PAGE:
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Marxist alienation and post-anarchism

This month, Dag Østerberg published the book From Marx' to newer capital criticism. We take the opportunity to take up Marx in a critical way – with themes such as alienation, competitive society, as well as the role of anarchism and intellectuals now.


Dag Østerberg wrote the preface to Marx's book capital 45 years ago. With the collapse of the Soviet Union and the neoliberal political climate of the time, Østerberg took the initiative to put Marx's economic theory in a new context. The book that came out this August, From Marx to recent capital criticism (Pax Forlag, 2016), is an 179 pages of text packed with thinkers and critics in the wake of Marx's social studies.

Østerberg presents a number of thinkers in the social economy, both before, around and after Marx. This includes Adam Smith, who Østerberg calls a social liberal. In the Smiths The prosperity of nations (1776) gives a self-interest based on natural law a harmonious society:
"The liberal is the basic theme of modern Western culture, so it's good to know the liberal classics, like Adam Smith," says Østerberg.

Screen Shot at 2016 08-17-12.36.22"Marx is also a liberal, he draws only the full consequence of liberalism – if all individuals are to be free, then one must have some kind of socialism. For the formation of class societies is really incompatible with the basis of liberalism that all are free, independent individuals. When someone with property or capital treats others as funds, this is really completely incompatible with liberalism. "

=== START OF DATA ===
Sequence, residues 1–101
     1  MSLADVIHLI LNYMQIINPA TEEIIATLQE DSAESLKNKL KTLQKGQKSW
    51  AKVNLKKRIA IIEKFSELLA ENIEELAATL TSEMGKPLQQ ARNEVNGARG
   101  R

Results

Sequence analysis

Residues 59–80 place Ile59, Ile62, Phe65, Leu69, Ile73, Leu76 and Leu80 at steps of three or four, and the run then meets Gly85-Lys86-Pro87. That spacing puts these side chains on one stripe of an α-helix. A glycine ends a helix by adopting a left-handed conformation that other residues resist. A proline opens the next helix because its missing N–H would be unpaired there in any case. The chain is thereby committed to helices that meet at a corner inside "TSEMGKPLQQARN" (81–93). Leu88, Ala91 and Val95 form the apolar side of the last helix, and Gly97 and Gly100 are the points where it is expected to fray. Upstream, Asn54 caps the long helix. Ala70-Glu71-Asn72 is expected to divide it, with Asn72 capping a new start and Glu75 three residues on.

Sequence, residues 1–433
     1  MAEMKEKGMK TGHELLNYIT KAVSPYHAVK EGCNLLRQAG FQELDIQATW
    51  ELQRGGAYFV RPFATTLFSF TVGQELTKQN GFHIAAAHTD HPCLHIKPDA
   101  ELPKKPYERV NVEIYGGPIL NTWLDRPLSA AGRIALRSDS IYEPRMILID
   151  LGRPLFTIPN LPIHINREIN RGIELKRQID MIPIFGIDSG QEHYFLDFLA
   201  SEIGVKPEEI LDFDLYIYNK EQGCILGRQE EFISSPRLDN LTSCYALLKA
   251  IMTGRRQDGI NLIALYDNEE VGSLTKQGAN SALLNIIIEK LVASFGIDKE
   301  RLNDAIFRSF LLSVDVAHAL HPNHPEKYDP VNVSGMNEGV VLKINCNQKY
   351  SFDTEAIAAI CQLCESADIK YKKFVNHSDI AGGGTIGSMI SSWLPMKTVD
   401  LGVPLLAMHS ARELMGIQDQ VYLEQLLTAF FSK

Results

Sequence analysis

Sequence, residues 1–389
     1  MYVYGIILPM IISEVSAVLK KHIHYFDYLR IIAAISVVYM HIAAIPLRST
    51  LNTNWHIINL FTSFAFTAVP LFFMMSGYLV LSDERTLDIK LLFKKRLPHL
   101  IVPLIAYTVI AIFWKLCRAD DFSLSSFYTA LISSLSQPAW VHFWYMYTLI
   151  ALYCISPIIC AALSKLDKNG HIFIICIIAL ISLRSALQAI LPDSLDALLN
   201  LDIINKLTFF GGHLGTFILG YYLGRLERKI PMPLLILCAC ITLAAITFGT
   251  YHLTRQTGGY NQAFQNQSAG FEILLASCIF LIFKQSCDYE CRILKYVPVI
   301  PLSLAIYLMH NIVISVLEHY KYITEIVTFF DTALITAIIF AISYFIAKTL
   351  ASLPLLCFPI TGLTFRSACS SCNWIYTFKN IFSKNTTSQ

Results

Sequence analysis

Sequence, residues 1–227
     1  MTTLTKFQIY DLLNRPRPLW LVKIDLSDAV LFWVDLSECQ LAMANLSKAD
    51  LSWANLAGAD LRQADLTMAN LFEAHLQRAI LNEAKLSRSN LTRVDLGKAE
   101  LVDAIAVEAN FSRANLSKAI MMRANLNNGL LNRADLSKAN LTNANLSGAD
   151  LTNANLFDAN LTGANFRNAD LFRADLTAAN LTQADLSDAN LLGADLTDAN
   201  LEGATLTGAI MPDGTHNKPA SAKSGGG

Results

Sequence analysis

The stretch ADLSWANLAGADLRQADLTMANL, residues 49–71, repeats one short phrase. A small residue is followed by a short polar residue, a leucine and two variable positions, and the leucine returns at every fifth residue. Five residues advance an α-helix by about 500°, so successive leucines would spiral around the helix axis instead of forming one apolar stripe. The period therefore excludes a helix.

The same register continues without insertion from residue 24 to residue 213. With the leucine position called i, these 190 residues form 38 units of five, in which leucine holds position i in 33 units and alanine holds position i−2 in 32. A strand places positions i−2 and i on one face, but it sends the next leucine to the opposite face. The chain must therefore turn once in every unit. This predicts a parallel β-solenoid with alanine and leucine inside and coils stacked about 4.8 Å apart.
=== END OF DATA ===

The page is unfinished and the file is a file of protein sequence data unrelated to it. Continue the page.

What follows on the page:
Østerberg emphasizes that Smith would have been reluctant to neoliberalism, but rather in favor of the welfare state. But what about the 1700s idea of ​​harmony?

"Today we see it very clearly that there is no vote – perhaps especially evident since the financial crisis in 2008," says Østerberg.

But what society does Østerberg really write about? Parts of the world have been brought out of poverty, even though the differences are still great?

"Speaking of China, I think it's a cooperative model of society with many fascist traits. But I write about the West, not developing countries, which have a completely different social order. I don't think they fit as examples of capitalist economics. "


Alienation. The conversation moves into just this – that the human being is alienated, something the book also revolves around. Especially where Østerberg refers to Marx's slightly more "romantic" youth writings, about the instrumental and the alienated – the fact that man is treated as a means, almost as a commodity, or a resource to use. Man's opportunities for a free, sensual and thinking life are suppressed.

For example, Østerberg is in on Herbert Marcuse, as with The one-dimensional human being (1964) during the hippie era of the United States came up with a critique of humanization; that humans were almost an attachment to the machines. Maybe not unlike all the smartphones we have today:

"I think you could design the machines and the industry completely differently, so it was comfortable to be there," says Østerberg. "This is to counteract this realization. Realization depends a lot on others deciding how things are produced. ”

What about knowledge workers – people who research in more free positions, as he himself has done?

“No, universities have begun to think more instrumentally about research. It is not about coming to the truth in and of itself, but rather contributing to the economic 'national product', as the Research Council emphasizes innovation in a global context, ”says Østerberg.

"Knowledge is turned into a means."

He believes that people in academia feel alienated when they have to focus on grants:

"It goes beyond the joy, passion and excitement of research."

The book refers to that "senses and needs is distorted and alienated among the homeless ”. Østerberg elaborates:

"There is still an abuse of the body. The goal must be to have an economy that allows you to take it easy, by reducing consumption. See for example Bali, which is known for moving people very beautifully. And then these tired tourists come from the US and elsewhere. There they see that we are abusing the body. ”